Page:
~ excerpt ~
by Cindy Davis
The broadcaster warned that the upcoming scenes might be too graphic for some viewers so Angie Deacon went back to her reading—the latest copy of American Theatre Magazine. Not that she couldn't take blood and gore, she'd been an ER nurse, after all. And heaven knew she'd seen enough of it over the course of her relationship with Detective Colby Jarvis. But why topple this peaceful moment—there were so few of them in her life.
When the newsman said, "Tonight, the murder of the Carlson South High School's drama teacher rocked the community," Angie slapped the magazine shut. On the television was a picture of the woman. She was pretty, maybe of Polynesian descent, with short dark hair and black rimmed glasses over deep brown eyes. She had a tiny blemish on her left cheek.
The scene shifted. Police and ambulance strobes illuminated a pair of EMTs like dancers on a disco floor. The men rolled a gurney through a glass door and eased it down six cement steps. As they loaded it into the back of a waiting ambulance, the broadcaster said, "I'm standing here outside 1606 Maple Avenue where the body of Gwen Forest was discovered in her second floor apartment."
The camera panned up and across a row of picture windows, then zoomed in on one about midway along the right side of them building. Two small windows flanking the wide one were open. White ruffled curtains fluttered against the screens.
"Apartment manager David Vickers…" The scene switched to a squat balding man with a bulbous nose sandwiched between two uniformed police officers. He clutched tiny wire-rimmed glasses in his left hand and appeared as though he might crumple onto the grass at any moment. A picture of the apartment building splashed back onto the screen. "Mr. Vickers was preparing to wax the second floor hallway when he noticed Ms. Forest's door was ajar. Receiving no response to his knock, he went in and discovered the body. At this point authorities will only confirm that Ms. Forest was murdered, and that no suspects are in custody. By our morning broadcast we hope to have further details." The camera zoomed in on a clear plastic bag dangling from one of the officer's hands. Angie squinted. It looked like a tube of toothpaste. Murder weapon?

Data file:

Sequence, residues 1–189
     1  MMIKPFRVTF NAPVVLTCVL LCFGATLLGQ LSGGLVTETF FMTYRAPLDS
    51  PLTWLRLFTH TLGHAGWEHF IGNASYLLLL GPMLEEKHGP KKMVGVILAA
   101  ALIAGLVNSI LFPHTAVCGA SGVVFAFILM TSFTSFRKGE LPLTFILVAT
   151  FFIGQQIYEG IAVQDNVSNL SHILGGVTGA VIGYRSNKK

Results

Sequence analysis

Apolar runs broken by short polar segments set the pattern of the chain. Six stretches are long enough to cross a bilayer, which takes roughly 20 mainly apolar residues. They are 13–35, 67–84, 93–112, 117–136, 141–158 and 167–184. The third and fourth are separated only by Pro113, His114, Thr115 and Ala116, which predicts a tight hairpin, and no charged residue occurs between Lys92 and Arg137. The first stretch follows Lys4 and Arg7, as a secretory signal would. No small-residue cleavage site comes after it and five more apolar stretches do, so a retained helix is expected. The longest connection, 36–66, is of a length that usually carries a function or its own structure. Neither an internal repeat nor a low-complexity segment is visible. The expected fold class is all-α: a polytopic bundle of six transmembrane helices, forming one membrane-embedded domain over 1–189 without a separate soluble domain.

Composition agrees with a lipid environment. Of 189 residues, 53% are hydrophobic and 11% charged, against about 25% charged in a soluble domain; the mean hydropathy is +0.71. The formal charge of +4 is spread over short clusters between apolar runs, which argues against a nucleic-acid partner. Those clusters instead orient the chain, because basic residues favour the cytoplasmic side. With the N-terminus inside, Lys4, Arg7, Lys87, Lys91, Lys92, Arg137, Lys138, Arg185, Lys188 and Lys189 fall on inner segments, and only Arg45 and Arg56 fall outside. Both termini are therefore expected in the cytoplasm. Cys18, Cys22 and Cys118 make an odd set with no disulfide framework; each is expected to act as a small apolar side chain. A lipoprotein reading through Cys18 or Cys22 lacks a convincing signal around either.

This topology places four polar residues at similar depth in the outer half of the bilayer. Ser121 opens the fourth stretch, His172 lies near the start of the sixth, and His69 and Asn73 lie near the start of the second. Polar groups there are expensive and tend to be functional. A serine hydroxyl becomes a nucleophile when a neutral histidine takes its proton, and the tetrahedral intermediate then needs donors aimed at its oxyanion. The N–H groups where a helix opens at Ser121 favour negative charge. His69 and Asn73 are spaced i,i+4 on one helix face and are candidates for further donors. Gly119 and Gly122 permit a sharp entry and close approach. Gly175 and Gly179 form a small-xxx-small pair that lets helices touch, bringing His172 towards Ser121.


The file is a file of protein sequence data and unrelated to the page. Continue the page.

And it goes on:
The camera moved to the apartment manager's myopic face. He spoke to the officer on his left then gestured with his chin toward the building. The officer jotted something in his notebook. A reporter stabbed a microphone in their faces but was shooed away. Two men, one uniformed, one not, joined them. That's when Angie sat up straighter. The magazine slid to the carpet. She snatched at it but missed.
What the heck was he doing there? She leaned forward, unfolding her legs and setting both feet on the floor. No mistake. The man in plain clothes was none other than Detective Colby Jarvis. He stood half a head taller than everybody else, that ridiculous deerstalker hat prominent in the strobing red and blue lights. Nothing unusual to see him at a crime scene here in Alton Bay, New Hampshire, quite surprising for him to be at one in Carlson, some sixty-five miles to the south. She watched him for a moment—her friend, her lover, her occasional crime-solving partner, but most of all, the man who'd asked her to marry him.